This marks the second time that Mote has rehabilitated and released a Risso’s dolphin and only the third time any have been rehabilitated and released in the U.S.

Clyde, treated and released in 2006, was monitored via satellite-linked transmitter for 23 days after his release. Researchers tracked his movements from near the edge of the Continental Shelf off central west Florida, around the Florida Keys, down to Cuba, and then to the Continental Slope off Delaware in the Atlantic Ocean. Clyde provided new information about the behavior of this species in the wild. Researchers documented one dive to 400 to 500 meters -- 1,300 to 1,600 feet -- representing the deepest dive ever recorded for this species. More than 99 percent of his dives were to less than 50 meters, or 160 feet. (Look below for a link to Clyde’s map.)

“Follow-up monitoring of rehabilitated animals is very important,” said Dr. Randall Wells, manager of the Dolphin Research Program at Mote, a partnership with the Chicago Zoological Society. “Tracking allows us to monitor the dolphins’ condition and learn more about the species. Although Risso’s dolphins are commonly seen on offshore survey cruises, very little is known about their individual ranging and dive patterns. We are looking forward to gaining more data to further rehabilitation efforts, research and the overall knowledge of the species.”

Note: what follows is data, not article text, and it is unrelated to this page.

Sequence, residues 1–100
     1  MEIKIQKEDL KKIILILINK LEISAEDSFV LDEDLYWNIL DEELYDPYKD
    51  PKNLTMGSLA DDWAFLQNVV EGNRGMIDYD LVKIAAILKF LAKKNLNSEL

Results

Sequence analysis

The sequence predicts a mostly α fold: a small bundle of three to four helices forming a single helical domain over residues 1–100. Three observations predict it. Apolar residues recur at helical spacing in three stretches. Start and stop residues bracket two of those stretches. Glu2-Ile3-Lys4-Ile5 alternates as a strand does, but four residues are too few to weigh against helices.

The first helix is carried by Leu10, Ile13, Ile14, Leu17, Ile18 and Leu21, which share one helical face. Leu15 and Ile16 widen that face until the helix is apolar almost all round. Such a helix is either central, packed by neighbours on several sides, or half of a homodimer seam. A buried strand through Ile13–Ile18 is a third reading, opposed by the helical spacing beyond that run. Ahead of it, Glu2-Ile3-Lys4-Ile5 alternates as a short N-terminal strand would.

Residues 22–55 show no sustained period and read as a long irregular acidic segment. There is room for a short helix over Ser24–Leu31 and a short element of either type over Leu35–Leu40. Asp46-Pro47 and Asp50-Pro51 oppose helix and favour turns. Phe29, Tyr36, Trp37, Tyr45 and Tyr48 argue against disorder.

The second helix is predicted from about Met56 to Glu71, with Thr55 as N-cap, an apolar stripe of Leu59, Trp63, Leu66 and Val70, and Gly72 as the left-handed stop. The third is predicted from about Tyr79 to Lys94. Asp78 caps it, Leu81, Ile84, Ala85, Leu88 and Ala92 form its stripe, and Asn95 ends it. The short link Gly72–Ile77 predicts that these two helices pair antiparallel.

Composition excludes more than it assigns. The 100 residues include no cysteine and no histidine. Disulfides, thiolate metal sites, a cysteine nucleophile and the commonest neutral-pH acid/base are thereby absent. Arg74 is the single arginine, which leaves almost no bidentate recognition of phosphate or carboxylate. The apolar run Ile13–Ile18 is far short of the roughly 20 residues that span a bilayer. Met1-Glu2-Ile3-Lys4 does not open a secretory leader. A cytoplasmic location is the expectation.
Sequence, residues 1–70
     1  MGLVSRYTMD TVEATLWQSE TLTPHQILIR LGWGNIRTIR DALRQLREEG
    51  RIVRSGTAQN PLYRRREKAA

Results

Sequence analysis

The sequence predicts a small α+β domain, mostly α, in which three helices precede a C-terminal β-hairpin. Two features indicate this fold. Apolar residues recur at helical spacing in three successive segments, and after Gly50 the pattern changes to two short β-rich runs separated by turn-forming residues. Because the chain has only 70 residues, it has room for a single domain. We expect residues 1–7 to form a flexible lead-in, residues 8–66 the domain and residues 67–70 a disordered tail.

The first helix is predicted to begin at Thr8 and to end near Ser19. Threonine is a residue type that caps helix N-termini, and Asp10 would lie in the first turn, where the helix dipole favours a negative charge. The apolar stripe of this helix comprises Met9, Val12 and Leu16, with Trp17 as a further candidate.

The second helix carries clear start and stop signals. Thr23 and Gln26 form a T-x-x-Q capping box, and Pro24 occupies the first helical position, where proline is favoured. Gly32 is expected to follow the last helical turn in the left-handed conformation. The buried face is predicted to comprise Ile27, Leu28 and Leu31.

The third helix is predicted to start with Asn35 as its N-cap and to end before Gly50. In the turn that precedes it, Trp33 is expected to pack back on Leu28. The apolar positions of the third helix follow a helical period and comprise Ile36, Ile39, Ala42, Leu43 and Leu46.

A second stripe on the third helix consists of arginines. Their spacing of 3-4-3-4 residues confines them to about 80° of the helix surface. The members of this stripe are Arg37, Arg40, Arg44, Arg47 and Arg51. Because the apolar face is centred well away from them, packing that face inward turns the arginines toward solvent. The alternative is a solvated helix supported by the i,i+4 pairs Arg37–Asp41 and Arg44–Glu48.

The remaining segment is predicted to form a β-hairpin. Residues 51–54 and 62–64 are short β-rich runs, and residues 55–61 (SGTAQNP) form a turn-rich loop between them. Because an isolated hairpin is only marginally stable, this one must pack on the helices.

The satellite-linked transmitter was provided by NOAA’s John H. Prescott Marine Mammal Rescue Assistance Grant Program. NOAA is interested in learning more about what kinds of rehabilitation efforts are successful, and about the biology of the species in the wild that are under the agency’s protection.

Mote wishes to thank Cathy Unruh and Tom Sansone for providing transportation for the release of Betty and Big Al and for their previous support during Clyde’s release. Dolphin rehabilitation would be much more difficult without the hard work by the numerous volunteers who become actively engaged in rehabilitation and without the extremely generous support of donors who help provide financially for the care of animals in rehabilitation. (Find out how you can help.)

Where is Betty today?

About Clyde
Clyde is a Risso’s dolphin that was rehabilitated at Mote’s Dolphin and Whale Hospital from July 2005 until he was released in February 2006. Click the link to see where his travels took him after his release. Click here to learn more about his rehabilitation.
(Map citation: Wells, R.S., C.A. Manire, D. Smith, J.G. Gannon, D. Fauquier, and K.D. Mullin. In review. First records of movements and dive patterns of a Risso’s dolphin, Grampus griseus, in the Gulf of Mexico and Atlantic Ocean, from a rehabilitated individual. Marine Mammal Science.)
Watch a movie about Clyde.

 

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Mote Marine Laboratory has been a leader in marine research since it was founded in 1955. Today, we incorporate public outreach as a key part of our mission. Mote is an independent nonprofit organization and has seven centers for marine research, the public Mote Aquarium and an Education Division specializing in public programs for all ages.